Rationale behind tribunal shift to civil standard of proof lacks consistency
The switch by the Solicitors Disciplinary Tribunal to the civil standard of proof may have been on the cards but the decision fails to address legitimate concerns, argues Susanna Heley
On 8 April 2019, the Solicitors Disciplinary Tribunal formally announced that it will seek approval from the Legal Services Board to introduce new rules specifying for the first time that it will apply the civil standard of proof in disciplinary cases. SDT President Ed Nally denied that the shift away from the criminal standard would make it easier to prosecute solicitors accused of misconduct because the SDT would still require cogent and compelling evidence of misconduct. Online comments would tend to indicate that this explanation was not particularly well received by those in the profession. The SDT consulted on the changes last year and published the responses. The view from the profession was overwhelmingly against the change however other regulators, the SRA and the Legal Services Consumer Panel supported the change. Their responses are all published on the SDT’s website.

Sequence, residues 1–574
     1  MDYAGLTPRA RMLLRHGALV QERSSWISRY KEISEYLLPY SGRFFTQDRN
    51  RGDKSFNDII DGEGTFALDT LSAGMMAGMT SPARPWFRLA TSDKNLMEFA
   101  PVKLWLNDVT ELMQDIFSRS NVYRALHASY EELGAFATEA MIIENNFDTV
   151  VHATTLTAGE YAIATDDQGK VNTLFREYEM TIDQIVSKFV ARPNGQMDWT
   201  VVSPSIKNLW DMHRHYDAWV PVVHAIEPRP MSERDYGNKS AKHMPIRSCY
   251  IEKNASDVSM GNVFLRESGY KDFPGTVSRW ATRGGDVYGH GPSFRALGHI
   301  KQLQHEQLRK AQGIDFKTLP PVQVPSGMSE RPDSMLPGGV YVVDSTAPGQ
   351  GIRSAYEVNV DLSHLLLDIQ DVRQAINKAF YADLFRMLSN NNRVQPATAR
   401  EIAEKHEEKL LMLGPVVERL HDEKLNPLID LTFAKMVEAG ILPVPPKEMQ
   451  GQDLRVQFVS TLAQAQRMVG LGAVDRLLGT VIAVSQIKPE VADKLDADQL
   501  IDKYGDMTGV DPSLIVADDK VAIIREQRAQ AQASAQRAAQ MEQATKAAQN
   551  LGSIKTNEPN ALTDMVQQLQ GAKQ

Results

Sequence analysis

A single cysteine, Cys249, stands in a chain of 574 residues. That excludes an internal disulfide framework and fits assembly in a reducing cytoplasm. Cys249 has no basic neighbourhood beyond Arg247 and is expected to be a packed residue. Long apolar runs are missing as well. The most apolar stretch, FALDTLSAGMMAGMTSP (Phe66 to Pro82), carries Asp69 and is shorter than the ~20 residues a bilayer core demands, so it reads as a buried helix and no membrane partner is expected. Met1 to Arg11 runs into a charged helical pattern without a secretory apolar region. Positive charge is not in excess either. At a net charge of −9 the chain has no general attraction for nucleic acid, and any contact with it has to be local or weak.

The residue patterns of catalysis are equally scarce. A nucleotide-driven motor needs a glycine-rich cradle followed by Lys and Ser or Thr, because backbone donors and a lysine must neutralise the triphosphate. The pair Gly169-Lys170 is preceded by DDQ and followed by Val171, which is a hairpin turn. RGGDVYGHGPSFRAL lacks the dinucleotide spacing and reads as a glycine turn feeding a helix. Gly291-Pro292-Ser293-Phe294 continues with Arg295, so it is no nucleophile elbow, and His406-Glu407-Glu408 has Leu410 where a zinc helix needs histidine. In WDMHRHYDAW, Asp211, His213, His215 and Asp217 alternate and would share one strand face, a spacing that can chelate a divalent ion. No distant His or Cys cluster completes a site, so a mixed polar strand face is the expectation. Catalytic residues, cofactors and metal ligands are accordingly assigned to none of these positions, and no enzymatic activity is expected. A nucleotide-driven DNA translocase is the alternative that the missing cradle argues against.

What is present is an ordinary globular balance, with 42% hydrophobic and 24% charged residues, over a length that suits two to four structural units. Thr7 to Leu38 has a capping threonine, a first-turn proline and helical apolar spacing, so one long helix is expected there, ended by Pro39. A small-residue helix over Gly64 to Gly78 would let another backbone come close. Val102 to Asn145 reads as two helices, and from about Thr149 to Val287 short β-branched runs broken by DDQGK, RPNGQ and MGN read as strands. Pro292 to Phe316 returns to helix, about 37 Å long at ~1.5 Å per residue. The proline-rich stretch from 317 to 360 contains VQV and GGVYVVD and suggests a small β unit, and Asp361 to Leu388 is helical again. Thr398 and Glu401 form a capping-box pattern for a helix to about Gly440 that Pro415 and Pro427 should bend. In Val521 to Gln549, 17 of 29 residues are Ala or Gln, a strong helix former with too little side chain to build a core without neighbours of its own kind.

For many in the profession, this news will have no practical or immediate impact. For some reason, it is generally assumed within the profession that you personally have to have done something wrong before you face SDT proceedings. In fact, that is not necessarily the case. A persistently statistically significant number of cases before the SDT involve Accounts Rules breaches. Those breaches are matters of strict liability for partners and it is not particularly rare for cases to be brought against multiple respondents where at least one respondent had no personal involvement in any misconduct. Where allegations are brought against firms, it will usually be as a result of one or more partners doing something wrong and everyone else is brought along for the ride. COLPs and COFAs are also vulnerable to prosecution for failing properly to clean up or report someone else’s mess.